June 2017
Volume 58, Issue 8
Open Access
ARVO Annual Meeting Abstract  |   June 2017
Intraoperative microscope integrated optical coherence tomography angiography
Author Affiliations & Notes
  • Christian Viehland
    Biomedical Engineering, Duke University, Durham, North Carolina, United States
  • Lejla Vajzovic
    Opthamology, Duke Univeristy, Durham, North Carolina, United States
  • Xi Chen
    Opthamology, Duke Univeristy, Durham, North Carolina, United States
  • Oscar Carrasco-Zevallos
    Biomedical Engineering, Duke University, Durham, North Carolina, United States
  • Brenton Keller
    Biomedical Engineering, Duke University, Durham, North Carolina, United States
  • Cynthia A Toth
    Opthamology, Duke Univeristy, Durham, North Carolina, United States
    Biomedical Engineering, Duke University, Durham, North Carolina, United States
  • Joseph A Izatt
    Biomedical Engineering, Duke University, Durham, North Carolina, United States
    Opthamology, Duke Univeristy, Durham, North Carolina, United States
  • Footnotes
    Commercial Relationships   Christian Viehland, None; Lejla Vajzovic, Alcon (F), Janssen Pharmaceutical (R), Knights Templar Eye Foundation (R), PDC's ENABLE Award (R), Roche (F), Second Sight (F); Xi Chen, None; Oscar Carrasco-Zevallos, None; Brenton Keller, None; Cynthia Toth, Alcon Laboratories (P), Genentech (F); Joseph Izatt, Leica Microsystems, Inc. (P), Leica Microsystems, Inc. (R)
  • Footnotes
    Support  NIH R01EY023039
Investigative Ophthalmology & Visual Science June 2017, Vol.58, 3123. doi:
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    • Get Citation

      Christian Viehland, Lejla Vajzovic, Xi Chen, Oscar Carrasco-Zevallos, Brenton Keller, Cynthia A Toth, Joseph A Izatt; Intraoperative microscope integrated optical coherence tomography angiography. Invest. Ophthalmol. Vis. Sci. 2017;58(8):3123.

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      © ARVO (1962-2015); The Authors (2016-present)

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Abstract

Purpose : We have previously reported on a custom 4D microscope integrated OCT (MIOCT) system capable of intraoperative imaging. OCT angiography (OCTA) is an emerging functional extension of OCT that has allowed for insights into the clinical evaluation of retinal diseases. The combination of these two technologies has not been used in the operating suite. MIOCT angiography (MIOCTA) could provide insight into changes to retinal vasculature that occur during surgery and allow for imaging of traditionally non-compliant patients such as young children.

Methods : Microscope integrated OCTA was performed using a custom microscope attachment and a 100 kHz 1060nm swept source OCT engine. OCTA images were acquired during exams under anesthesia using a BIOM lens. OCTA images were taken at 300 A-scans/B-scan with 150 lateral locations sampled. OCTA images were generated using speckle variance and segmentation was used to create en face projections of the retinal vasculature. Fluorescein angiography (FA) was performed as clinically indicated during exam under anesthesia. All human subject research was performed under a research protocol approved by the Duke University Health System institutional research board.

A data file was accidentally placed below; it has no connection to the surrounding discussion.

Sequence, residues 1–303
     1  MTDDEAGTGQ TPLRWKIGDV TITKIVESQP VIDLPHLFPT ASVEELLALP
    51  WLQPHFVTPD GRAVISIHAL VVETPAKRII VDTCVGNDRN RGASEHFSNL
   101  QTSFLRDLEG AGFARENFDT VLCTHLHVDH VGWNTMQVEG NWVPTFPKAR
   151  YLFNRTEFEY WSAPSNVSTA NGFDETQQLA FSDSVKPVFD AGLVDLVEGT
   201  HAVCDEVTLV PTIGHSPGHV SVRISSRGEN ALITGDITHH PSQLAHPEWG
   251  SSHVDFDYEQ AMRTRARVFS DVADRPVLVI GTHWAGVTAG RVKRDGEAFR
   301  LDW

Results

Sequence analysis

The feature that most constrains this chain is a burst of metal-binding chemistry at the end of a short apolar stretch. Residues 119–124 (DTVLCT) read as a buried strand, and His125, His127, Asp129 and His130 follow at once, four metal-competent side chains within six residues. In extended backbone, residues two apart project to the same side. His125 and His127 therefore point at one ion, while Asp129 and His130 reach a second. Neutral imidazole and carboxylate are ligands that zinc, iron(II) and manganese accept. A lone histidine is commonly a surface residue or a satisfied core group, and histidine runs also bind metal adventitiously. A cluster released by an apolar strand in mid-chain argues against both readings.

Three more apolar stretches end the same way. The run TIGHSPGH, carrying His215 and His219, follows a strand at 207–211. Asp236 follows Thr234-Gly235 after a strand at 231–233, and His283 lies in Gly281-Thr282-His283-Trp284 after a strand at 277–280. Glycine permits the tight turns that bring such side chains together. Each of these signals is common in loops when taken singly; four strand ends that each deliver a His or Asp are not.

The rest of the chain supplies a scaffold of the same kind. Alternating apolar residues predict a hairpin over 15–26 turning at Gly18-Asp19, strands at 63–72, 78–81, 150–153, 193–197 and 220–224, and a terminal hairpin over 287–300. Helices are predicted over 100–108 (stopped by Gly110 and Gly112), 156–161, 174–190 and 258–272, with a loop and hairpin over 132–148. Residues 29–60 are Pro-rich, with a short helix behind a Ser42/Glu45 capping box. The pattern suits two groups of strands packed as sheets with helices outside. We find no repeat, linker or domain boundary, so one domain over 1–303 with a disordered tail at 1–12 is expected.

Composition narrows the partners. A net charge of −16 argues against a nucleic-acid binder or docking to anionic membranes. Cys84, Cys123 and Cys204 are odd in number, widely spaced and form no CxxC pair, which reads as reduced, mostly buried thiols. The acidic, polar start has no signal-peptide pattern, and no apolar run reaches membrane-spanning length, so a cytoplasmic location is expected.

Results : A comparison of fluorescein angiograms and MIOCTA images from a 7 month-old infant girl with familial exudative vitreoretinopathy (FEVR) and an 8 year-old boy with Coats’ disease is shown in figure 1. In the FEVR case MIOCTA showed abnormalities in the fine perifoveal vasculature that is not visible on FA. In the Coats’ case MIOCTA provides superior visualization of the mid-peripheral retinal vasculature. MIOCTA also appears to show deeper vascular malformation that was not evident on FA. However, it is unclear if the MIOCTA signal comes from some vascular flow in this region or is an artifact caused by the structural abnormalities visible on the B-scan. In both cases MIOCTA provided superior vascular visualization when compared to FA.

Conclusions : We have demonstrated 4D MIOCTA imaging in young children. MIOCTA provides improved visualization of the retinal vasculature and to the best of our knowledge these are the first OCTA images taken of an infant.

This is an abstract that was submitted for the 2017 ARVO Annual Meeting, held in Baltimore, MD, May 7-11, 2017.

 

Figure 1: Top: FA (left), magnified FA (center), and MIOCTA (right) from an infant with FEVR. The red square denotes the location of the magnified images. Bottom: FA (left), MIOCTA (center), and B-scans with and without flow (right) from a child with Coats’ disease.

Figure 1: Top: FA (left), magnified FA (center), and MIOCTA (right) from an infant with FEVR. The red square denotes the location of the magnified images. Bottom: FA (left), MIOCTA (center), and B-scans with and without flow (right) from a child with Coats’ disease.

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